Created By: piemanpie24 on October 30, 2012 Last Edited By: piemanpie24 on April 19, 2017

Those Who Can't Do, Teach

When a mentor is physically unable to do the things that they teach

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When a mentor or teacher is physically unable to do the things that they teach due to a disability or lack of powers, etc.
Community Feedback Replies: 20
  • October 30, 2012
    • In Paolini's Inheritance Cycle both of Eragon's mentors are unable to help him fully. The first had his dragon die, rendering his incapable of fighting with his dragon. The second, has both himself and his dragon crippled.
  • October 31, 2012
    Aahz the Pervect from Asprin's Myth series of books. By the start of Skeeve's adventures, Aahz has lost his ability to do magic. Instead, he opts to teach Skeeve magic.
  • October 31, 2012
    May be justified in some cases. Imagine a disabled veteran teaching how to fight. If he can't be active in the military anymore, it's just fair to give him a job as a teacher.
  • October 31, 2012
    Compare Obsolete Mentor, who can do what they teach but is a bit behind in the field. May also invoke I Coulda Been A Contender.
  • October 31, 2012
    The title is clever but since its a Take That against teachers it's probably not acceptable.

    Cant Teach By Example maybe?
  • October 31, 2012
    In Harry Potter, Gilderoy Lockhart teaches Defense Against The Dark Arts while all his experience has been manufactured. He also tries to teach Harry Expelliarmus In Dueling Club, when he is unable to perform the spell himself.
  • November 2, 2012
    Ranger Andy in Fallout New Vegas. Forced to retire from the NCR Rangers after being severely wounded by a grenade, but still able to teach a martial arts technique which he calls the 'Ranger Takedown' to the courier.
  • November 2, 2012
    Isocrates, a famous Athenian rhetoric teacher, was that:

    He was an utter stranger to ostentation, insomuch that, when there came at one time three persons to hear him declaim, he admitted but two of them, desiring the third to come the next day, for that two at once were to him as a full theatre. He used to tell his scholars that he taught his art for ten minas; but he would give any man ten thousand, that could teach him to be bold and give him a good utterance. And being once asked how he, who was not very eloquent himself, could make others so, he answered, Just as a whetstone cannot cut, yet it will sharpen knives for that purpose.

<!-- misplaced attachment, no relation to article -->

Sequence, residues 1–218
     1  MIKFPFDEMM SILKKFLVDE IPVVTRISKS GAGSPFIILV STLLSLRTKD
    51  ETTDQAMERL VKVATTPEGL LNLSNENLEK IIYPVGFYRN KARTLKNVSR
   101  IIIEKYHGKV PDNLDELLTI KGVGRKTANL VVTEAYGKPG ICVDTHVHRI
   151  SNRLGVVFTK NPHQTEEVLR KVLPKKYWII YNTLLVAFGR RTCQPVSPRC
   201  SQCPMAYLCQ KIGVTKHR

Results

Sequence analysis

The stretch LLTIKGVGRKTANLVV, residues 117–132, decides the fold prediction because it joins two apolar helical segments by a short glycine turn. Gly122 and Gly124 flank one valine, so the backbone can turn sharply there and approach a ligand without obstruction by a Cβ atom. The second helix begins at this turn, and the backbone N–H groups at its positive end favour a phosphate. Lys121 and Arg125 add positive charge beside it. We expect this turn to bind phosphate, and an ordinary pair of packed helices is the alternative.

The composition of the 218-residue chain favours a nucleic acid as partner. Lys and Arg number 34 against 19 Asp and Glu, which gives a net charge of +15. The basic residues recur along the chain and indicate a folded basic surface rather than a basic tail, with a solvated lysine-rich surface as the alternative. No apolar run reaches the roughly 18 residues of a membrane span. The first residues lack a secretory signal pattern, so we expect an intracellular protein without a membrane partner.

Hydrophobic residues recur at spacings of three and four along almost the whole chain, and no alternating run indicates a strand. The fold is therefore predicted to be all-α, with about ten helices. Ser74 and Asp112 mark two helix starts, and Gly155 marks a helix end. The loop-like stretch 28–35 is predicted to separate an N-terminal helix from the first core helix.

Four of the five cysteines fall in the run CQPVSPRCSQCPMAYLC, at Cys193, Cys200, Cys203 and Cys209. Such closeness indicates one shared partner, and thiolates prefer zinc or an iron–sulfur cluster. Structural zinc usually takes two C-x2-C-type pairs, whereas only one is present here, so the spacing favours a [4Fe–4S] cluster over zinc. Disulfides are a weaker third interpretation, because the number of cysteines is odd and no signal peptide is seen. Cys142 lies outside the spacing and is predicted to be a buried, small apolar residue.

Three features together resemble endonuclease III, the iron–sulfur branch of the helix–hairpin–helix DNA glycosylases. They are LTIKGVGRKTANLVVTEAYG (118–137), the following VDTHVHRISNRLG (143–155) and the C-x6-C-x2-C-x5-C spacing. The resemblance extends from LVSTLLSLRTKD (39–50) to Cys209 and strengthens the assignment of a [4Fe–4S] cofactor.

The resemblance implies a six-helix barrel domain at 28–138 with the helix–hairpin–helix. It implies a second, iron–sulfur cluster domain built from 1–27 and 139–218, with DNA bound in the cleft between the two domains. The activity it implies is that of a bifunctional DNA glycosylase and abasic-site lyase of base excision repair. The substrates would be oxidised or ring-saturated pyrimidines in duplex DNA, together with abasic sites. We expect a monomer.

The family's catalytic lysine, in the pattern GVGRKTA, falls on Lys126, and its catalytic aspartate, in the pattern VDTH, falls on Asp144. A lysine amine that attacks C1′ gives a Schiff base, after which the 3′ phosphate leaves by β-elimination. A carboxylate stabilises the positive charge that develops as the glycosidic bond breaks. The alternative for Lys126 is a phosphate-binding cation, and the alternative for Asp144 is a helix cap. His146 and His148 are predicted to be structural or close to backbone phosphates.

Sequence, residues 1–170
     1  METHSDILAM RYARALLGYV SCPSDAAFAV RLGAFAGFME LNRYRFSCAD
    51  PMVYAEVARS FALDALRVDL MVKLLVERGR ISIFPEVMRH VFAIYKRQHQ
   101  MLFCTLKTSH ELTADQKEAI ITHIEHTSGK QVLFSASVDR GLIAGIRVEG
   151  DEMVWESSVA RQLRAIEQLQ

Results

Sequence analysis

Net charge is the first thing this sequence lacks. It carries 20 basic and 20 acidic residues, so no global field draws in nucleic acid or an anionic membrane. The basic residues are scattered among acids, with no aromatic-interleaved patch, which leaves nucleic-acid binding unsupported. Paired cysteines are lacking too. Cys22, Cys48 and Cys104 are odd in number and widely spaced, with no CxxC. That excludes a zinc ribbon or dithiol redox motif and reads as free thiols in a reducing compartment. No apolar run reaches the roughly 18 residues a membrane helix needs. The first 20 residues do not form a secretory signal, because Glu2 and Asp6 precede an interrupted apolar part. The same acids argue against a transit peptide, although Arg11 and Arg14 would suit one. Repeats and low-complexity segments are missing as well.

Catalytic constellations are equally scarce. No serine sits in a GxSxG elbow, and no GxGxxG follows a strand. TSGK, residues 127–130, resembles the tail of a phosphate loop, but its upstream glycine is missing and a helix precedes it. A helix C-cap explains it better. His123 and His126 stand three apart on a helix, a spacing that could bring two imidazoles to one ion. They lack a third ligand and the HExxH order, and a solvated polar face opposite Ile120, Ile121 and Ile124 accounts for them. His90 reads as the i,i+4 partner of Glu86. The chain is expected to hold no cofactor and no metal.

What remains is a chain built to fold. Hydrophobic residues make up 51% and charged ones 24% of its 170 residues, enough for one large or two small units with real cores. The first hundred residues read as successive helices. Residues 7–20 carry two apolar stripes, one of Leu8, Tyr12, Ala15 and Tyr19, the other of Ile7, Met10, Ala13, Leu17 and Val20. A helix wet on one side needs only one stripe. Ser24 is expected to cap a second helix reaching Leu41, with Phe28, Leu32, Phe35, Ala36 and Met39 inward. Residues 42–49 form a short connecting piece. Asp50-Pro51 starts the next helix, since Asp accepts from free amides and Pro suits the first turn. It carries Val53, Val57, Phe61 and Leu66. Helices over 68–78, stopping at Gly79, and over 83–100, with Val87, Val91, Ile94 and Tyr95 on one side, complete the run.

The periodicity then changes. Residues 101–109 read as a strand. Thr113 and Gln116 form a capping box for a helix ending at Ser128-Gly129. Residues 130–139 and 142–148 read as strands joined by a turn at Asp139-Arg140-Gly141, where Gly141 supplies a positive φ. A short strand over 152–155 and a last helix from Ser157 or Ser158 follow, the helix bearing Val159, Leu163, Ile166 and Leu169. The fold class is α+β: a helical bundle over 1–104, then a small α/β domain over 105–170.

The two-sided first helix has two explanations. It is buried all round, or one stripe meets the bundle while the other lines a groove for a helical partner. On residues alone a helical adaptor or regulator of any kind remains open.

• November 2, 2012
    In Assassins Creed III, Achilles is an old Assassin who needs a cane to move around in any amount and can't really do much assassinating or Le Parkour. He's also the mentor figure for the main character, Connor.
  • November 2, 2012
    Doesn't quite apply to Bazie in Take a Thief. His hands are still nimble enough to pick pockets and locks, but a man with no legs would be caught easily if he stole directly. So, he teaches several boys (including Skif) to steal instead.
  • November 2, 2012
    I'd shorten the title to "Those Who Can't, Teach", which is more in line with the common saying.
  • November 2, 2012
    • Master Splinter alludes to this as he trains Keno in Ninja Turtles 2 Secret Of The Ooze. "I have experience, you have youth. Only those who now fight possess both."
  • November 3, 2012
    ^^ Yes, came here to say this. The saying is "Those who can, do; those who can't, teach". Rather than "Those who can do, do; those who can't do, teach". Do do.
  • November 4, 2012
    • Mystery Science Theater 3000: While watching a short film about Home Economics, one of the protagonists states that she wants to become a teacher. Joel immediately chimes in to finish her sentence: "Because I can't do!"
  • November 4, 2012
    Legend Of Korra: The father of Amon and his brother was formerly a bloodbender but had his bending taken away.
  • November 4, 2012
    Please don't use any part of that saying for the trope name. The saying is unrelated to this trope, and is used to abuse teachers, implying that they tried but failed to be a highly-paid professional in some white-collar job.
  • December 28, 2012
    In an episode of MASH Charles encourages an infantryman/pianist who has lost the full use of one hand to continue with his musical gift via teaching.
  • April 19, 2017
    This is where the student surpasses the master in raw talent from day one, but the student can still learn from the master. It's common in the arts, and in high fantasy stories can apply to situations where a muggle has knowledge or skills that can be beneficial to a wizard. One example from real life is when Joe Satriani took Steve Vai as a student to improve his technique, even though Vai was already a gifted guitarist. In the MASH episode mentioned above, Charles notes that while his hands are great with a scalpel, they're barely adequate for playing Schubert, making him the pianist's teacher as well.
  • April 19, 2017
    So the title is part of a pejorative saying? That should change then.

    As I've seen the examples here, I see there are 2 ways this can happen: 1) the teacher used to be able to do stuff but either they got crippled, or age has caught up with them, 2) the teacher is actually bluffing and acting as if they know a lot of things.
  • April 19, 2017
    Ok, how does this have two hats already? It's agreed upon that the name is bad, and there's one sentence to the draft. Reminder that hats are an effective hover on the launch button, not a good idea nod.